How to Make a Good Landing Page (The First Time)
Is it a bird? Is it a plane? No, it’s a landing page. If you’re scratching your head in confusion, let me steer you back in the right direction. Much like an aircraft landing strip, landing pages guide clients to something special you’re offering while enticing them to act.
Maybe you’re a brand with a new clothing line about to drop, you’ll want to make a landing page featuring new items, demonstrating any specials, coupons or deals. While to some it may sound simple, building a landing page takes research, planning, specialized insight, and a little intuition. Here’s how to land a landing page.
What’s a Landing Page Again?
Specifically? It’s a web page that inspires your target audiences to take some form of action. A “call to action”, or CTA. The CTA doesn’t even have to be a physical action at all. Maybe you offer complicated software and want to highlight uses, tips, and other information. Maybe you also noticed a Reddit thread where customers ask the same question over and over again.
Your landing page can encourage client subscriptions by answering the question and offering other related resources. Here is when you’d consider a longer form copy. You may also add landing pages to help advertise upcoming (relevant) events, products, or services. However, this must be skillfully done as the wrong design or verbiage will push clients away. With so many variables disguised falsely as simple tweaks, it can be easy for landing page developers to go astray.
Here are some helpful tips to making an inspiring landing page.
1) Get cozy with your audience.
How well do you know what’s going on? Do you have any pages or posts that customers respond to more than others? Do a little digging, AKA market research. Search for high performance pages and critically assess your audience’s actions. Use a data and analytics checker to run diagnostics tests on your pages to check for important metrics like conversion and bounce rate, subscriptions or opt-ins, customer lifetime value and acquisition cost. Make sure to divide metrics by traffic source, so you can also pinpoint what’s really driving your sales. Want to go even deeper? Check out competitor landing pages for a birds-eye-view at what everyone else is doing, find weak points, and exploit them.
2) Offer them something they actually want.
After talks with the financial, sales, and marketing departments, pull together a workable plan to reel them in. This can involve exclusive coupons, timed discounts on new product or services, or even just concise, helpful information they really need. If you want to build a newsletter or blog, the landing page can entice visitors by offering exclusive information about a product or service they may not know about yet, or that audiences tend to struggle with. If they’re intrigued by the content, odds are they’ll subscribe.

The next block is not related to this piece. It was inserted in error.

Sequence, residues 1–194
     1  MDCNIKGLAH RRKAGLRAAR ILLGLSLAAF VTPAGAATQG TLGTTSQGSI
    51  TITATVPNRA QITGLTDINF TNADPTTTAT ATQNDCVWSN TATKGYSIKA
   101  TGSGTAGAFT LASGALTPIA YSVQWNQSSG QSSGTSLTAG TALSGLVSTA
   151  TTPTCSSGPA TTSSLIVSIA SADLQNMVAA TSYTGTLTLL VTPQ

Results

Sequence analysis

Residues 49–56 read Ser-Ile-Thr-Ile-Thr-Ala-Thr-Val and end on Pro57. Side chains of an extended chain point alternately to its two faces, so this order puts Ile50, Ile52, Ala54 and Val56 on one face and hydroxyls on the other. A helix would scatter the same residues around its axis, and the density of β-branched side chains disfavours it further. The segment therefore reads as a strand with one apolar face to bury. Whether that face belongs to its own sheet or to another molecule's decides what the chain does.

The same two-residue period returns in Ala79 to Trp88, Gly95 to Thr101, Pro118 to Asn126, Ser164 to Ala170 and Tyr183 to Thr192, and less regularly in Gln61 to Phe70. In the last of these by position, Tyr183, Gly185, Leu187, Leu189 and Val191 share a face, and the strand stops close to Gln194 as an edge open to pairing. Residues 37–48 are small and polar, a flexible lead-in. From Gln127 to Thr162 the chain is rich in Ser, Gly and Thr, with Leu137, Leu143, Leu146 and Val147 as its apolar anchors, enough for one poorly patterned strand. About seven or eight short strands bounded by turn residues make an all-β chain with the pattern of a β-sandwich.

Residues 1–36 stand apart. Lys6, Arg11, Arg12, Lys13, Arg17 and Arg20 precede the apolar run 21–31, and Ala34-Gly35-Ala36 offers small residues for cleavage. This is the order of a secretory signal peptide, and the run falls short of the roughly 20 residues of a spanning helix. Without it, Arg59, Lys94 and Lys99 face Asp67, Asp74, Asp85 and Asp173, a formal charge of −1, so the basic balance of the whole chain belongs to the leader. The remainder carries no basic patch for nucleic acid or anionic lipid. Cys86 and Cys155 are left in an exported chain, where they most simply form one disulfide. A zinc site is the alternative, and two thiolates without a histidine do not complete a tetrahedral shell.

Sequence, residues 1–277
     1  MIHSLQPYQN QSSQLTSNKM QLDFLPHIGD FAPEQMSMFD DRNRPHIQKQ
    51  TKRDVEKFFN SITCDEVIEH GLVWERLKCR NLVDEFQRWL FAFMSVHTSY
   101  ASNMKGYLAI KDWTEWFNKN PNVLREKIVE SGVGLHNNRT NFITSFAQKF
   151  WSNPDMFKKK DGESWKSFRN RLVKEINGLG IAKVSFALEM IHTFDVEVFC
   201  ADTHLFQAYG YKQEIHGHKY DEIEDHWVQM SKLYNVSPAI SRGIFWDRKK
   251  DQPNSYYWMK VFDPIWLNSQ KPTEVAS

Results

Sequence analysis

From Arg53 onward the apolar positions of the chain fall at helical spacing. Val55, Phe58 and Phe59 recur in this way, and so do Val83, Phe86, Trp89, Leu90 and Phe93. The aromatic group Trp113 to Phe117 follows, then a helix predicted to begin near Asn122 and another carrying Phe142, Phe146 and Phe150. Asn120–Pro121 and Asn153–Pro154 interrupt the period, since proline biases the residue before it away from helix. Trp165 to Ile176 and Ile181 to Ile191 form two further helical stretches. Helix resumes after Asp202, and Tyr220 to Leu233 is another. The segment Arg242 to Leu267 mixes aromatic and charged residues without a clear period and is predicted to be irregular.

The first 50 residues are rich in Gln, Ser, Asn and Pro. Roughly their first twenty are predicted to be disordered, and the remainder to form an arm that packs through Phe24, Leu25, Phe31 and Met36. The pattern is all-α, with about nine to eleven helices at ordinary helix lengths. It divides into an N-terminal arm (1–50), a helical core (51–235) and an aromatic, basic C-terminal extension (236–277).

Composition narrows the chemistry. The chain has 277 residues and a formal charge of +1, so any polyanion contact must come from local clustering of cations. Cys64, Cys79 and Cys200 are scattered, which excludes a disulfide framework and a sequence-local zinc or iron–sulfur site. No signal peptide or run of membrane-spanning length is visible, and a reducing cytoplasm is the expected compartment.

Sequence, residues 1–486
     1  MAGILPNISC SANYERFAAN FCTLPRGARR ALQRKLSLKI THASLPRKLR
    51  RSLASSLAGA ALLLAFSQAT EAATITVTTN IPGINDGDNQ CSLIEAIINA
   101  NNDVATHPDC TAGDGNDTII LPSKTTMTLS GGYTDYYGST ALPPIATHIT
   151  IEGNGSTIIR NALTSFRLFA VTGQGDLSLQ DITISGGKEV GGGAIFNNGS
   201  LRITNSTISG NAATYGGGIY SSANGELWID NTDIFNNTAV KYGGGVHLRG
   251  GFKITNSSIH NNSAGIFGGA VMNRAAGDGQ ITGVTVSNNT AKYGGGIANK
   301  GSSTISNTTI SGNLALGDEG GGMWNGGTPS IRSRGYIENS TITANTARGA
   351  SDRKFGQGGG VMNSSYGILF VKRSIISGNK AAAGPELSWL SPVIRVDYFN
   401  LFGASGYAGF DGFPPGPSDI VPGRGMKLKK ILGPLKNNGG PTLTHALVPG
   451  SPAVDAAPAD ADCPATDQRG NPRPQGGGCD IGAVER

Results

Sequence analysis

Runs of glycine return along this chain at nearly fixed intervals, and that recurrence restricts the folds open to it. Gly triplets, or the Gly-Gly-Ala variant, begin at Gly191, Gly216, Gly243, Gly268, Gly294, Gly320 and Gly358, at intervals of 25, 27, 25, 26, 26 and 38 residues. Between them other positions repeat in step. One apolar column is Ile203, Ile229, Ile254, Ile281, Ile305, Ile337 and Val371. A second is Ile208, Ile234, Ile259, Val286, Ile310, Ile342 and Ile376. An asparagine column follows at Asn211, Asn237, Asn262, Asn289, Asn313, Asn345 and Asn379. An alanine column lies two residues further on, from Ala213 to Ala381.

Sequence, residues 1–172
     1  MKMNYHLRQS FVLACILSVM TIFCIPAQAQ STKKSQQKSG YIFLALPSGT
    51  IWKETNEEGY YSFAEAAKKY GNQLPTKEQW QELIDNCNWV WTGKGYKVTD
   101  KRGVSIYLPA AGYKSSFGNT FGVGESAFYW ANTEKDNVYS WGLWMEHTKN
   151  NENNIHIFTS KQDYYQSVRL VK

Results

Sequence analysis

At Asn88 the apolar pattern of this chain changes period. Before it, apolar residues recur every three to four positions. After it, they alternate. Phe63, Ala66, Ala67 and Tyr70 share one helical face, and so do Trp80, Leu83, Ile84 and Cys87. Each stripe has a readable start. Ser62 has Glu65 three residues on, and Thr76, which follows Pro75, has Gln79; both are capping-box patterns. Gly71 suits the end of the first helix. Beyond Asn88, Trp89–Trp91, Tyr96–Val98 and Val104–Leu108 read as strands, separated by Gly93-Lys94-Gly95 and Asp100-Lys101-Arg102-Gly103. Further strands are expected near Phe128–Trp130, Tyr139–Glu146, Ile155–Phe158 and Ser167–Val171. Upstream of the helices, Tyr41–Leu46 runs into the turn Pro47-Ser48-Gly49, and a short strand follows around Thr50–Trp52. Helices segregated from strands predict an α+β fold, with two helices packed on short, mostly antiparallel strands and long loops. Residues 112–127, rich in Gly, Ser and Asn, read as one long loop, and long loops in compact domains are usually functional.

3) Put some meat on those bones.
Some businesses with one product or service may build a landing page that is the entire website. This appears as unreliable and a potential scam. Try to give your website depth. Make supplemental pages that go into detail about your product or service. Develop a simple blog that can stir awareness or provide helpful information that customers need to know. Landing pages are never supposed to replace the entire website, they’re more of a supplement to structured information, marketing, or sales campaigns.
4) Get to the point quickly.
Most busy people don’t have much for attention spans. Especially the ones you haven’t won over yet. Even the ones you have won over might still only give you a glimpse. You essentially only have a few, crucial seconds (less than five) to get your target audience’s attention and keep it. Make sure your message is clear and concise. When you think you’ve finished crafting the messaging on your landing page, give the draft to a few people to edit and look over. Something you may find easy to understand may be confusing to someone who isn’t in the industry. Think of a landing page as a virtual flyer or sign, don’t bog your clients down with blocks of text or wordy descriptions.
5) Show them your vision.
Images and videos are here to stay, so get used to it. Use visual elements in your landing page, because only text will send them away. Most people prefer visual over text. Make sure your graphic designer shows the landing page all the tender love and care it deserves.
6) Test the plan.
If you’re unsure which words to say, colors to use or images and videos to display, join the club. Narrow it down to two pages and AB test. Promote both equally, track metrics, and discover what your audience truly wants.
Still Need Help?
Building a cohesive, relevant, and attractive landing page that converts the customers you want takes some well-directed and skilled effort. If you’d like specialized guidance backed by experience, our team at Cork Tree Creative can help. We have an analytical bunch of creatives that can swiftly draft and design a stellar landing page you can bring home to your parents. Just reach out, and we’ll get something started ASAP.